On a south facing bank where the sun had melted away much of the snow, I found a rather large patch of Wintergreen (Gaultheria procumbens), a low, evergreen plant that spreads through slender, underground runners.
Flowers appear on Wintergreen in July and August (as early as May or as late as September, depending on climate). Once the berries set, they remain on the plant throughout the winter and spring, unless someone finds and eats them… The young leaves can also be nibbled, or tossed into a salad. It’s a lovely, fresh flavor, and I love finding it in the woods.
Also known as “Eastern Teaberry”, it is found in most states east of the Mississippi. Other common names include checkerberry, creeping wintergreen, and mountain-tea.
From the Forest Service site:
White-tailed deer browse wintergreen throughout its range, and in some localities it is an important winter food. Other animals that eat wintergreen are wild turkey, sharp-tailed grouse, northern bobwhite, ring-necked pheasant, black bear, white-footed mouse, and red fox. Wintergreen is a favorite food of the eastern chipmunk, and the leaves are a minor winter food of the gray squirrel in Virginia.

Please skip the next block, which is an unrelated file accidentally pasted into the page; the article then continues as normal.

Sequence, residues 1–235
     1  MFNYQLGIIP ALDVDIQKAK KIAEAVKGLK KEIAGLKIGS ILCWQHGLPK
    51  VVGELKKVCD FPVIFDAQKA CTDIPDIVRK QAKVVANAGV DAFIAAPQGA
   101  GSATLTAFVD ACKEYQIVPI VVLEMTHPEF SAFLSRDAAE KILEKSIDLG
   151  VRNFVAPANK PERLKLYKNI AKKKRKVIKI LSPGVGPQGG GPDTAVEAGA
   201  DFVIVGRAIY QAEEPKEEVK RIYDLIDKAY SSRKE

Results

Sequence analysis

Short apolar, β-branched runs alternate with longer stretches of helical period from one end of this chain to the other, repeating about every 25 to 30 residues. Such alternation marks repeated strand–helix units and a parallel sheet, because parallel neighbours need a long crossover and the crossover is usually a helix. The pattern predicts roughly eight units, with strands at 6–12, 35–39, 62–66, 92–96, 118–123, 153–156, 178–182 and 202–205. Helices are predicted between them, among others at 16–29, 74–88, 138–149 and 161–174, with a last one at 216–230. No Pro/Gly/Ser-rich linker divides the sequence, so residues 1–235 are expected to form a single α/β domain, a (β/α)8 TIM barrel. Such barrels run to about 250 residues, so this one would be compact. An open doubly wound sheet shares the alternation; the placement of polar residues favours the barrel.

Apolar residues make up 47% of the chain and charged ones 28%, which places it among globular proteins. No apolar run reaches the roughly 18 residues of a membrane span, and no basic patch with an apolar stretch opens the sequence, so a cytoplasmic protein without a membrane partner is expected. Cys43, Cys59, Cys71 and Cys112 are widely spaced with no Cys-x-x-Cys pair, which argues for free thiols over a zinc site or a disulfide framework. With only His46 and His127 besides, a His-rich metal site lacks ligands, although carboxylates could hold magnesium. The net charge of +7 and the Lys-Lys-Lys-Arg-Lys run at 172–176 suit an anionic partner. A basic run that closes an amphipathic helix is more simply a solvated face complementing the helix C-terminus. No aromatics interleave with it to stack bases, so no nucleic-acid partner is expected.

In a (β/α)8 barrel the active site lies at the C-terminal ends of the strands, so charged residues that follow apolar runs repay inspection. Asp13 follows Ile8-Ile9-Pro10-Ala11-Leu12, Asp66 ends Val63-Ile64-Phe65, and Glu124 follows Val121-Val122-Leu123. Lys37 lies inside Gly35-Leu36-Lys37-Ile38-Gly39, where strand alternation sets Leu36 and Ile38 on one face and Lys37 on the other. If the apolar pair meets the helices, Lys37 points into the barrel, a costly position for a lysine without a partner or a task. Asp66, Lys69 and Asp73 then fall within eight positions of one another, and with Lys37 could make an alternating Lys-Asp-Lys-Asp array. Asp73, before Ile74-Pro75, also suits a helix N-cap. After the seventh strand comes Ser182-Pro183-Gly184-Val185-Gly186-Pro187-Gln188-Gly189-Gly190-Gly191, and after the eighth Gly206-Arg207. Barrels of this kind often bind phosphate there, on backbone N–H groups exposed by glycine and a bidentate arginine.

By the way, back in January, I posted a photo of Wintergreen, but wasn’t sure what it was. Two readers, Dave W. and cestoady pointed me in the direction of the correct ID. So today’s post is for them! Thanks!
What did you find in the woods today?